Contact Negotiations: How to get employees to share relationship capital

By Ryan Galloway
The Brief
Building relationship capital is difficult, and employees can be understandably loath to share the fruits of their labor. Getting them over their reluctance requires trust, agency…and maybe a little sweetening of the pot.

Professional contacts are personal, often hard-won possessions, accumulated in the trenches over the years at conferences, jobs, and random encounters. Ask someone to share a contact list with a colleague and the request will be met with healthy skepticism. Ask them to share that list with the whole company, and your very sanity will be questioned. But it is just that kind of all-for-one cooperation that distinguishes the most efficient businesses. So how can you get employees to overcome their anxiety and embrace the idea of sharing their relationship capital?

Help Them Trust You. I’ve written before about millennials’ trepidation with professional networking, but the issue of trust extends beyond that twenty-something threshold. In a recent survey by, more than 87% of employees reported that they planned to leave their current job sometime in 2014. The primary reason for the coming exodus: distrust of their boss. 

Moving past that roadblock will require educating the staff. The concept of corporate relationship capital is still pretty new, likely to be alien to many professionals. So before launching any relationship capital initiative, make sure you thoroughly explain what it is. Focus on the mechanics of a network-sharing program, be clear about what you are asking to be shared, and explain how each employee’s contacts will—and won’t—be used.

Show them they’re still in control. While you’re explaining the ins and outs of the relationship capital game, don’t forget to emphasize that employees will always be the point of contact for their own connections. Let them know that no one will be contacting their buddy at Acme Consolidated without their knowledge. Likewise, make it clear that participation doesn’t necessarily require them to share all of their contacts. Most important, emphasize that they can opt out without repercussion. Giving employees a sense of agency eliminates the negative consequences of reactance and is in fact likely to boost participation.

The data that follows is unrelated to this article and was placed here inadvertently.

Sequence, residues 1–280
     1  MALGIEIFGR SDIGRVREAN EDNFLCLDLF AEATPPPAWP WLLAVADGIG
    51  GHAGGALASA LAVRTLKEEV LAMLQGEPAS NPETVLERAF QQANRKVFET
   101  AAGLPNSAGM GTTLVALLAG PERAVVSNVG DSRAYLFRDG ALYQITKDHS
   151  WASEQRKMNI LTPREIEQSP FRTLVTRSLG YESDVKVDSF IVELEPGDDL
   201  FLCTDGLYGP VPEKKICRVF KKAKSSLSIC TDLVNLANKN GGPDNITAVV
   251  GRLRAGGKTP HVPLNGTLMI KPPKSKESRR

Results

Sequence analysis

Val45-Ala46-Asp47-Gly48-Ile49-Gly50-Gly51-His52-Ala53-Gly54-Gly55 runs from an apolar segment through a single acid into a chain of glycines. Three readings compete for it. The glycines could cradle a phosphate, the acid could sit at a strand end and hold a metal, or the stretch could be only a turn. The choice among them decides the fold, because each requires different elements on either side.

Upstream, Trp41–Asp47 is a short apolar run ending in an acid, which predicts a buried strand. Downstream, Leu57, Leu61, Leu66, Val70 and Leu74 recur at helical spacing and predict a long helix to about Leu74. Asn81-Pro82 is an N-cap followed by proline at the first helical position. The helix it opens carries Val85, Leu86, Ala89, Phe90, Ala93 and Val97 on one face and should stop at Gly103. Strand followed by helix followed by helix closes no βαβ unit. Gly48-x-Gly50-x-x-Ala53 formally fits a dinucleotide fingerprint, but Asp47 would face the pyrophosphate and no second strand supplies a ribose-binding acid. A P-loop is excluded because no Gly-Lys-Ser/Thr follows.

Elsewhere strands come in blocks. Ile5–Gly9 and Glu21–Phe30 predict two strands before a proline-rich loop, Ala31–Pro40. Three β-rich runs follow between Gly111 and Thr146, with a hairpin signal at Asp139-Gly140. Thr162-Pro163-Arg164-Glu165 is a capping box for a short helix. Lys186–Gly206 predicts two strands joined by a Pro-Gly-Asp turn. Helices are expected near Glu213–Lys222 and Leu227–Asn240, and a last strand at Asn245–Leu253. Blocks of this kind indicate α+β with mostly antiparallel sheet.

Make it worth their while. At first blush, relationship capital programs seem as though they will only benefit sales and business development teams. Why, a non-revenue generator is likely to ask, should I give up my contacts so some account guy can pocket a commission? Showing how relationship capital can drive overall revenue performance is the first piece of an answer—a big piece if increased revenues mean a bigger bonus pool. 

Of course, you can sidestep that kind of futures wagering entirely by incentivizing participation. One way HR departments recruit is by offering employees bonuses to find their next workmate, essentially, paying them to dredge their bank of relationship capital. Revdev efforts can be jumpstarted in much the same way, say by offering a small commission for whenever an employee’s connection results in new business or a closed deal. 

The Takeaway. Launching a relationship capital initiative isn’t always easy. But once employees see that you understand their concerns, learn about the proposed program’s mechanics and limitations, and find out that they may be eligible for a pay to play bonus, it is more likely that you will see buy-in across the board and a more robust network across your business.

Ryan Galloway oversees content for The Hired Guns, a digital marketing and talent consulting firm in New York City. He has written for Business Insider and and is a frequent contributor to this blog. 
RelSci helps create competitive advantage for organizations through a crucial yet vastly underutilized asset: relationship capital with influential decision makers. 

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